Traveling to Turkey immediately following that nation’s July 2016 coup attempt might not have been right up there on our vacation bucket list. But I was tapped to walk a family member down the aisle for her marriage to a wonderful Turkish gentleman. And it just so happened the bride is an active-duty U.S. service member with multiple tours to Iraq and Afghanistan under her belt. A trip to Izmir on Turkey’s Aegean coast would be an honor and the very least I could do.
Accordingly, my wife, Sarah, and I planned the trip for many weeks, and while the headlines of a Turkey in crisis placed us on high alert, the idea of supporting our bride and her fiancé took precedence.
What we didn’t count on was a vehicle-pedestrian accident on the morning of the wedding that put my wife in two separate hospitals with a compound ankle fracture. Getting right to the punch line, I made it to the wedding and walked the bride down the aisle. But it was a nail-biter while Sarah was introduced up-close and personal to the Turkish healthcare system.
Bottom line: The kindness of strangers, the professionalism of Turkish healthcare workers, and the skills of orthopedic surgeon Dr. Salih Müjde saw us through this perfect storm.
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Rewind That Tape
Sarah was with the bride and the groom’s family at a beauty salon on the morning of the wedding. She was tasked to return to our apartment for a few items. While she was walking back, she stepped off a curb between two parked cars and was clipped in the ankle by a motorist. The impact broke the malleolar extensions at the bottom of the tibia and fibula that cradle and support the leg bones on top of the central ankle bone, or talus. (See accompanying radiographs.)
Sarah’s tibia and fibula were displaced, opening up a serious bleeding flesh wound (you don’t want to see those photos!) on the inside of her left ankle.
The driver stopped and numerous passersby came to her aid—many speaking English. They dialed Izmir’s urgent care center and offered to contact Sarah’s friends and family. I was having lunch with my sons a couple blocks away, and when we got the call we ran to the scene. Sarah was on a gurney in the back of an ambulance with a stabilizing cardboard splint on her leg. I hopped in the front seat, and Sarah gave her to-do list to my son, Andrew. We bolted off to begin our odyssey.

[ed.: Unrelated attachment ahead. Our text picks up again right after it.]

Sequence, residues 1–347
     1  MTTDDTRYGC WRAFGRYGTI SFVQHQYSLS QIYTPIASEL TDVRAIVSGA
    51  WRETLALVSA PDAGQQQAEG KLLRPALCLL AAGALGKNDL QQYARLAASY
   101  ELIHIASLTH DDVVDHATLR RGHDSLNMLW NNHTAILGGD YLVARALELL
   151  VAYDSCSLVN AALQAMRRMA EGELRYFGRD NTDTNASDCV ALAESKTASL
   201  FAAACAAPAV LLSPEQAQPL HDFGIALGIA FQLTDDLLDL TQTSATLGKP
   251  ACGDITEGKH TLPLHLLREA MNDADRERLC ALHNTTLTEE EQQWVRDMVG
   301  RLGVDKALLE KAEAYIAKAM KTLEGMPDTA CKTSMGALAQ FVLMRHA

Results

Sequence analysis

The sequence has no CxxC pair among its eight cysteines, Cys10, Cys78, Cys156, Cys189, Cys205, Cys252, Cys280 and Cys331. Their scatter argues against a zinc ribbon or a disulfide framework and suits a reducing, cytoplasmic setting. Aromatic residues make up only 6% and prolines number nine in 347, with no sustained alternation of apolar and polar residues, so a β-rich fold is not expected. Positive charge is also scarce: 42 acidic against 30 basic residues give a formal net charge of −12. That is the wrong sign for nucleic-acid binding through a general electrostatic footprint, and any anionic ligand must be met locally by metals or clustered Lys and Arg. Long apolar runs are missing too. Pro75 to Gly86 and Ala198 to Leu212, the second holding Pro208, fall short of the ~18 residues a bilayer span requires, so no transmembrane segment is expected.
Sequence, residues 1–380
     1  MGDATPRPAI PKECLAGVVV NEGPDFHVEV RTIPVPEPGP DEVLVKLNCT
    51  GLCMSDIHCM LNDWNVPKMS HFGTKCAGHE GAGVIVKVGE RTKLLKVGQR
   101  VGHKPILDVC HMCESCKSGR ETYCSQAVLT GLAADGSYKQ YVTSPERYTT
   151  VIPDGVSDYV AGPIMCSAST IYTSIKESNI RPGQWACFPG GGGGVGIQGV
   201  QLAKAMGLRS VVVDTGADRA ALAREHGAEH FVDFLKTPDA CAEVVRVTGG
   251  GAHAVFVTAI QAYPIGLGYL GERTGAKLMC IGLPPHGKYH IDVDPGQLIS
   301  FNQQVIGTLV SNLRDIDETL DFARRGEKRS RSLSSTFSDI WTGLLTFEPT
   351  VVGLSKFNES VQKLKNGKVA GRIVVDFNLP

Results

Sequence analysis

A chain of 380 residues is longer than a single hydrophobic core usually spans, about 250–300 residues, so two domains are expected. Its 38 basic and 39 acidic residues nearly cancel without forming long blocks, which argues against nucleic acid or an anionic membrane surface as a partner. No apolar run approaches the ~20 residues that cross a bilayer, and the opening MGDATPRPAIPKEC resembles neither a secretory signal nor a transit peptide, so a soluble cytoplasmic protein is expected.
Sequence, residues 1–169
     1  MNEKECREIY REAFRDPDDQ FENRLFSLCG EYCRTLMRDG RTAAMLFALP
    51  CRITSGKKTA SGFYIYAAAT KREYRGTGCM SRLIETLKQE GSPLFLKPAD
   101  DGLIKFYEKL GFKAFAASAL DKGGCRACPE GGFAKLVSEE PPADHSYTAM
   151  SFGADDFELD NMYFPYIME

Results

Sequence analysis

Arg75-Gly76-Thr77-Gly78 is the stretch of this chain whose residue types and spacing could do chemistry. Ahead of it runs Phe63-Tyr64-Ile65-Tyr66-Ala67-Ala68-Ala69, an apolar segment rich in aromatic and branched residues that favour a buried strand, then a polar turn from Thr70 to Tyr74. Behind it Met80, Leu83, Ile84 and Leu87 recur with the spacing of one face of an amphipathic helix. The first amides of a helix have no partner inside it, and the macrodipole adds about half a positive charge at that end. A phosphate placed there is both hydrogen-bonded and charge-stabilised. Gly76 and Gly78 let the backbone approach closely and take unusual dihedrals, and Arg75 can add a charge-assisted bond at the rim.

Upon arriving at Izmir’s Alsancak Hospital, she was wheeled into the ER, where we met a calm, efficient physician named Atilla. He ordered imaging, which necessitated wheeling Sarah out of the ER and across a city square to enter another building. First order of business was to charge my Mastercard a total of 494 Turkish lire (about $180 USD) and we were soon peering at the extent of the broken-ankle damage on Atilla’s desktop computer monitor.
“I need to reduce the joint,” Atilla told me in perfect English. So we pushed Sarah into an adjoining room and braced for Atilla to reset her fracture. We both closed our eyes and held on tight but resetting the joint actually gave her some pain relief. Atilla checked the blood flow in her foot, and she could wiggle her toes. We started knocking wood.
It was at that moment that we decided I needed to try to make it to the wedding when another lucky break materialized. The father of the driver of the car that struck Sarah arrived, offering translation help. “Soli” became a godsend as Atilla scheduled an operating room to close Sarah’s ankle wound. After that we could take a breath and plan next steps.
After the Wedding…
With the bride now officially wed, I raced back to the hospital and found Sarah and her broken ankle out of post-op. We started dialing doctor friends back in the States, whose recommendations neatly divided into two camps:
- The general practitioners and infectious disease doctors immediately stressed the infection risk associated with an open fracture.